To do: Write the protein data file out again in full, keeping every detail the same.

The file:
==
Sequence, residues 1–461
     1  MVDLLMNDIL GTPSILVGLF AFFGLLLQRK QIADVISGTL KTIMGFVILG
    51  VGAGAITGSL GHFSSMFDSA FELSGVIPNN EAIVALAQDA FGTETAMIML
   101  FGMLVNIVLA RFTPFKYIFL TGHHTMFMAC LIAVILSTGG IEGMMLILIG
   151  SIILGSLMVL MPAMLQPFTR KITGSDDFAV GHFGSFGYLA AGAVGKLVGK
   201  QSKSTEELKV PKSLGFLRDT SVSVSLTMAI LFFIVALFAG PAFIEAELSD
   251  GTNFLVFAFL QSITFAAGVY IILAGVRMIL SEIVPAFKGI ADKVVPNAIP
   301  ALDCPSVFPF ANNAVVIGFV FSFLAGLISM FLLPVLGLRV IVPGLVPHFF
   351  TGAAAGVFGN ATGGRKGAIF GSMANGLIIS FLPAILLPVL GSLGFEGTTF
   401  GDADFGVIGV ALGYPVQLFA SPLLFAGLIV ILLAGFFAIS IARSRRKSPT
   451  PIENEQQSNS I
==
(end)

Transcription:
Sequence, residues 1–461
     1  MVDLLMNDIL GTPSILVGLF AFFGLLLQRK QIADVISGTL KTIMGFVILG
    51  VGAGAITGSL GHFSSMFDSA FELSGVIPNN EAIVALAQDA FGTETAMIML
   101  FGMLVNIVLA RFTPFKYIFL TGHHTMFMAC LIAVILSTGG IEGMMLILIG
   151  SIILGSLMVL MPAMLQPFTR KITGSDDFAV GHFGSFGYLA AGAVGKLVGK
   201  QSKSTEELKV PKSLGFLRDT SVSVSLTMAI LFFIVALFAG PAFIEAELSD
   251  GTNFLVFAFL QSITFAAGVY IILAGVRMIL SEIVPAFKGI ADKVVPNAIP
   301  ALDCPSVFPF ANNAVVIGFV FSFLAGLISM FLLPVLGLRV IVPGLVPHFF
   351  TGAAAGVFGN ATGGRKGAIF GSMANGLIIS FLPAILLPVL GSLGFEGTTF
   401  GDADFGVIGV ALGYPVQLFA SPLLFAGLIV ILLAGFFAIS IARSRRKSPT
   451  PIENEQQSNS I